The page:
Gov. Andrew Cuomo today formally handed the investigation into an off-duty NYPD officer’s killing of an unarmed African-American man in Brooklyn over to New York Attorney General Eric Schneiderman—days after video of the fatal encounter emerged.
In a statement to the press, Cuomo declared that Officer Wayne Isaac’s deadly shooting of Delrawn Small on July 4 fell under the ambit of the executive order he signed last year making Schneiderman the special prosecutor where law enforcement kills a civilian under questionable circumstances. Video footage surfaced Friday that showed Isaacs firing his department-issued weapon into Small’s chest seconds after the latter man approached his car window during an apparent road-rage incident in East New York—contradicting the three-year policeman’s claim that Small assaulted him.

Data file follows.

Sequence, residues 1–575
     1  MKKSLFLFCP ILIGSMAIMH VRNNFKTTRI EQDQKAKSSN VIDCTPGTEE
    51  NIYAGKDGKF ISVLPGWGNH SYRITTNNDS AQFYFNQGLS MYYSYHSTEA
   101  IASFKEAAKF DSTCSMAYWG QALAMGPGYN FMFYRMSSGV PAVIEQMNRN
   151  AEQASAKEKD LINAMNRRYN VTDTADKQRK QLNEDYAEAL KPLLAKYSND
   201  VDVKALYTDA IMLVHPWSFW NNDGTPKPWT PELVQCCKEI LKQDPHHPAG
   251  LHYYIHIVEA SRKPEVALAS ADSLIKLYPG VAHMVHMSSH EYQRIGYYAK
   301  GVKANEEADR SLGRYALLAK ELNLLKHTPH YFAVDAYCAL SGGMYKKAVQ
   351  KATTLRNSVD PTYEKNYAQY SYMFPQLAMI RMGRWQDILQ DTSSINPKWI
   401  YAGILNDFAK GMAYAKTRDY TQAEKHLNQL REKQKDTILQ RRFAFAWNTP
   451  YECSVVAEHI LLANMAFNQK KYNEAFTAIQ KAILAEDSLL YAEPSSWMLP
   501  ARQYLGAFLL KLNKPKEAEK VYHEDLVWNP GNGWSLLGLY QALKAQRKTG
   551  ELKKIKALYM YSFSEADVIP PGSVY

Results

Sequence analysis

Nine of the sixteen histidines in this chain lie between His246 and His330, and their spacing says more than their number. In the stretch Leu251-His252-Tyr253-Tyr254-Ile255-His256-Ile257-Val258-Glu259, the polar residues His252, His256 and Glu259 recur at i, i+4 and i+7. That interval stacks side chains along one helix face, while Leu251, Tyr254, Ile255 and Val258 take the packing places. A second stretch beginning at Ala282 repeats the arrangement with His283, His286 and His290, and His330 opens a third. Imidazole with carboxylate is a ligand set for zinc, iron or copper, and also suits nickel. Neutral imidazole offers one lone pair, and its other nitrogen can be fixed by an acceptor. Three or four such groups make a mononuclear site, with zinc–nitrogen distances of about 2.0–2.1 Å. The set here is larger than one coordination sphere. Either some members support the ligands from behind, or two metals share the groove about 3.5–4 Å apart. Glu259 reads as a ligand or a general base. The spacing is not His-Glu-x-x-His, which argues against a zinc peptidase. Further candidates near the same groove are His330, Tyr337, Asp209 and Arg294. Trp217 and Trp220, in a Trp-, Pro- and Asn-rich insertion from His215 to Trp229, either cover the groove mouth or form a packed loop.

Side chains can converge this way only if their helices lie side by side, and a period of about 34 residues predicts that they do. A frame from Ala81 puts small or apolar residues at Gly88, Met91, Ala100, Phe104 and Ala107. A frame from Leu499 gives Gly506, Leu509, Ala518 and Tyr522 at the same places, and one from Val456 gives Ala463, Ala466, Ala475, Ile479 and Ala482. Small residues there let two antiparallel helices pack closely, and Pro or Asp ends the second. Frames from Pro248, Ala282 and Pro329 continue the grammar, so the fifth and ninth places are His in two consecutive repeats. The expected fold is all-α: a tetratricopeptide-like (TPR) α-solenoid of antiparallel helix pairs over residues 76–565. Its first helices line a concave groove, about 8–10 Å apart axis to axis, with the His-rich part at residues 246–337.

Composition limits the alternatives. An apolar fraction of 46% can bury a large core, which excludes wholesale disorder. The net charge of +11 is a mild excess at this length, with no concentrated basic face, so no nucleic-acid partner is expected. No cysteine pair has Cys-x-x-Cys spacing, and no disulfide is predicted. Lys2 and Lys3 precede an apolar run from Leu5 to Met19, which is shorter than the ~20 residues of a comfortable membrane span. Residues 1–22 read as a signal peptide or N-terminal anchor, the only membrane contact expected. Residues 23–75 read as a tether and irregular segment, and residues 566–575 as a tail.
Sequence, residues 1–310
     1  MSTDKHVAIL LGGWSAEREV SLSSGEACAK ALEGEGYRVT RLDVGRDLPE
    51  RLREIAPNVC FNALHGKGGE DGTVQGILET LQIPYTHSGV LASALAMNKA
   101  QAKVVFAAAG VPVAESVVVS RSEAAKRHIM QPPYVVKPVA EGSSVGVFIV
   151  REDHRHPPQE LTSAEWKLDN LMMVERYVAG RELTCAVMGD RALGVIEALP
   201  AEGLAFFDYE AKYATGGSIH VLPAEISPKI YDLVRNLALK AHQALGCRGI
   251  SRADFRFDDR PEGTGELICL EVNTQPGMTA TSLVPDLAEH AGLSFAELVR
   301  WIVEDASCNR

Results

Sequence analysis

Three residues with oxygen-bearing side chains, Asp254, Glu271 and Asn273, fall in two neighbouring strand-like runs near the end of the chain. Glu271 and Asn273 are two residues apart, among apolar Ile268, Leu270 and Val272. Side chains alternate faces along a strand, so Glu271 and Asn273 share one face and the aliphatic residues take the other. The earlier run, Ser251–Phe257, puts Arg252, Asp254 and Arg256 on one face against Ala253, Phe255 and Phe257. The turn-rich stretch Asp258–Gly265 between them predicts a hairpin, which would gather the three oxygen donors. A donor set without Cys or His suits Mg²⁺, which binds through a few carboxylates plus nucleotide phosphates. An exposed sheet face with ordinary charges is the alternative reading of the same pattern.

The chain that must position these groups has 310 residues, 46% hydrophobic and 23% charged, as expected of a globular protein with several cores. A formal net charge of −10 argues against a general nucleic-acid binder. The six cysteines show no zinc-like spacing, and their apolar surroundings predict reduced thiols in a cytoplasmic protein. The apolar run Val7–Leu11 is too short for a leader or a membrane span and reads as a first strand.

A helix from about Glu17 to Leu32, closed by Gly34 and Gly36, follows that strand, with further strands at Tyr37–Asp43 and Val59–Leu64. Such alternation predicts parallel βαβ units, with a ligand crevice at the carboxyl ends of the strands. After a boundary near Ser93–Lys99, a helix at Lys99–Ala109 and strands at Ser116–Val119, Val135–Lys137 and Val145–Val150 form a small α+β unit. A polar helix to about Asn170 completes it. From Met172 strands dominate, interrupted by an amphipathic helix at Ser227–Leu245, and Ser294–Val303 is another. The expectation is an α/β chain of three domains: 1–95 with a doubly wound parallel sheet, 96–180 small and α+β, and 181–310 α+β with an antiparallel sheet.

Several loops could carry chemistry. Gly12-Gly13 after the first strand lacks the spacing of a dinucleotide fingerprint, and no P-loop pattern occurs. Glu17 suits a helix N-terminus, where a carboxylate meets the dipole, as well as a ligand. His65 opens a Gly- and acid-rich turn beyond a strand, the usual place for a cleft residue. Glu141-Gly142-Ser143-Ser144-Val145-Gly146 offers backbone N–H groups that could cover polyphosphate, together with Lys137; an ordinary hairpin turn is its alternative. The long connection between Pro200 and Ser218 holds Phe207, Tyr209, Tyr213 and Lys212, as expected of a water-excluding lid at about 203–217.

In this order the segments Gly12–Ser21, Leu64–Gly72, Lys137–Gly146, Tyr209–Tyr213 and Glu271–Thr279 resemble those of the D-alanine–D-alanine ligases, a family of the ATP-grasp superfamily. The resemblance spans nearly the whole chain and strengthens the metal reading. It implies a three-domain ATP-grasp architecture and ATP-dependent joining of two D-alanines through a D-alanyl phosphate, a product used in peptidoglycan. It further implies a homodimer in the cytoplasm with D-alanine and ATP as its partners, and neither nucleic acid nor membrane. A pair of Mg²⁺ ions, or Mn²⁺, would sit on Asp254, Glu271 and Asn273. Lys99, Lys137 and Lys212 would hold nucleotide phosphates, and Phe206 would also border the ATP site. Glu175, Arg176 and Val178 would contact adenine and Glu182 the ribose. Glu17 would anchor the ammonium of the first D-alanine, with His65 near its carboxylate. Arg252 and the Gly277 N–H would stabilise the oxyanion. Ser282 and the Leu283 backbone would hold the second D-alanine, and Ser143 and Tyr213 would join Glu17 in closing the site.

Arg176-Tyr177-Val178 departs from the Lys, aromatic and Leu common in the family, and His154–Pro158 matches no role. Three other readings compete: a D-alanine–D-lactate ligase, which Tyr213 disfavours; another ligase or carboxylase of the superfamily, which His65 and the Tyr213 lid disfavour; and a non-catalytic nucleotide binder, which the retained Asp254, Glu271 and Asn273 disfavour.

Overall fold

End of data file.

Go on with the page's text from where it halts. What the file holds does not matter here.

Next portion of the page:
As a result, Cuomo also expanded the purview of the executive order today to grant Schneiderman prosecutorial power “any and all unlawful acts or omissions or alleged unlawful acts or omissions by any law enforcement officer relating to the death of Delrawn Small.” The original draft only dealt in cases where an officer killed an unarmed individual, or where it was unclear whether the deceased had a weapon.
Schneiderman’s office announced it would handle the investigation on July 5—the same day police in Baton Rouge, La. shot Alton Sterling, another black man, dead after having wrestled him to the ground.
Video footage of that incident, and of a Minnesota cop’s killing of African-American Philando Castile a day later, provoked a new wave of Black Lives Matter protests across the country. Those two killings appear also to have inspired gunman Micah Johnson to open fire on 11 police officers in Dallas, five of whom died from their wounds.
Isaacs’ killing of Small has not yet received the same level of attention as the Sterling and Castile shootings. NYPD Commissioner Bill Bratton told reporters today his department had stripped Isaacs of his badge and gun.